I’ve been writing on this site for about fourteen years. Fourteen years. That’s 45% of my life so far.
I was seventeen when I put up my first web page as a place for people to download my free software and read my amateur attempts at satire. I’m thirty-one now. I don’t write code much anymore, my perspectives on many things have rotated anywhere between 180-270 degrees1, and my practice of writing has changed quite a lot.
In all that time, this site’s design has changed only twice, the last time being in 2004. It was a good design, too, by all accounts, But by 2011, what with the passing of time, the appearance of some new realities and the fading of old ones, several good reasons for a redesign had piled up, and we began work on it.
Jessica and I were married about a year and a half ago, and being married has turned out to be the best development in my life so far — in my pursuit of the crafts of writing and publishing no less than in many other dimensions. Jessica is a musician and a painter, and our marriage has been, among many things, something of an artistic greenhouse for us both. I felt it was essential that this site reflect the creative side of our partnership.
In that greenhouse, my experiment with podcasting bloomed, a couple of little book projects were begun, and my interest in all forms of web publishing has branched out into more nooks and crannies than may be ultimately sustainable.
What you see now, more than a year after beginning, is the result that attempts to address all of these developments. Jessica and I worked on every detail of this redesign together in stolen moments over the past year. We’ve renamed it The Local Yarn, by which we intend to allude to a slower, more rural pace of life, and the simple pleasures of conversation and storytelling2.
The way the site organizes its articles has further evolved along the lines it’s been following for years: that of a fine serial publication (the kind you hang onto for years because it’s too nice to throw away). I have repurposed blog-style ‘categories’ into ‘series’ — collections of writing which have their own titles and personality. And although I no longer separate articles into artificial ‘issues’, there’s still a book-style keyword index to scroll through.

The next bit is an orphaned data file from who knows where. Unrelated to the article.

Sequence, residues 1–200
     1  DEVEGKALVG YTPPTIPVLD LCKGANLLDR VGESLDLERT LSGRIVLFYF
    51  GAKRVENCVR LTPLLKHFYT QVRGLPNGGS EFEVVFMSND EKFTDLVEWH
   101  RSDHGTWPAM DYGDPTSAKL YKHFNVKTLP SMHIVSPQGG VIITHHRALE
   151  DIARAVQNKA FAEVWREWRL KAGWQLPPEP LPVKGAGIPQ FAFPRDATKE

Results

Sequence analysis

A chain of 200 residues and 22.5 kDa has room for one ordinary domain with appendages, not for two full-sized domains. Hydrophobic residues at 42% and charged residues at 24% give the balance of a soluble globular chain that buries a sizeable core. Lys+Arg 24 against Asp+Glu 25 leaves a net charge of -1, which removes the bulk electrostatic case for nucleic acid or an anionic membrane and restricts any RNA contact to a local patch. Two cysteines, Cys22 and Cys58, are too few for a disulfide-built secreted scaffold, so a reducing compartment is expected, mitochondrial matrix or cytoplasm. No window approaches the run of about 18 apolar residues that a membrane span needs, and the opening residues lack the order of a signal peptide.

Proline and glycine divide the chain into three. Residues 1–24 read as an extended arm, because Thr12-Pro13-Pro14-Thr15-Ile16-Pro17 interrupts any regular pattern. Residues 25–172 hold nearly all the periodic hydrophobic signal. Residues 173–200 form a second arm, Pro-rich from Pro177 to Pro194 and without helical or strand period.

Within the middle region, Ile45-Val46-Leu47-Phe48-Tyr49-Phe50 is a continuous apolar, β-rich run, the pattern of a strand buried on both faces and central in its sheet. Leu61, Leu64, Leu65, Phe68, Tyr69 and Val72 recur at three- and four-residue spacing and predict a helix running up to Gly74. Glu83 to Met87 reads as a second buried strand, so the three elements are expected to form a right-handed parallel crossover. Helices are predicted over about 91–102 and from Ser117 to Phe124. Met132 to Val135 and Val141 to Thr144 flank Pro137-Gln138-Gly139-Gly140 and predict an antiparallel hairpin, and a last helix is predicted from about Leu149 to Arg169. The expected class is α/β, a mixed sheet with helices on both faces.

Several small paintings are used in various places as spot illustrations, with more on the way.3 All of them, including that one in the masthead, were done by Jessica. Her paintings have also provided a warm and engaging colour pallette which we are using to complement the text.
Which, of course, brings us to the text. I’ve slowly come to realize that I value an appeal to the imagination at least as much as (possibly more than) an appeal to left-brain’d reason. We wanted this site to present imaginative writing in a way that readers of old books would find familiar and believable. The body text is set in Kepler, which was designed in the tradition of the classic modern typefaces used in many of the books you may have read as a kid. The masthead and top-level headings use Livory, which has a rustic, calligraphic feel.
The following details may be mainly appealing to those who take an interest in the finer points of web publishing.
The web as a medium has changed quite a lot in the last eight years. When I last redesigned the site in 2004, I followed the best practices in use at the time4; and now, eight years later, I finally feel that web standards have again evolved to the point where implementing the latest round of them will actually improve the reader’s experience.
People now read web content on smartphones, tablets, and ebook readers, in addition to computer screens, and the new design makes sure to accomodate all of them gracefully, using the Skeleton CSS framework. The margins and type proportions also change at set intervals depending on the width of your screen, to maintain a line length of roughly 12-16 words (or 7-10 words on portrait mobile screens). Many ‘responsive’ designs, even text-centric ones, seem to miss this aspect of typography, and leave the font size too big for mobile devices.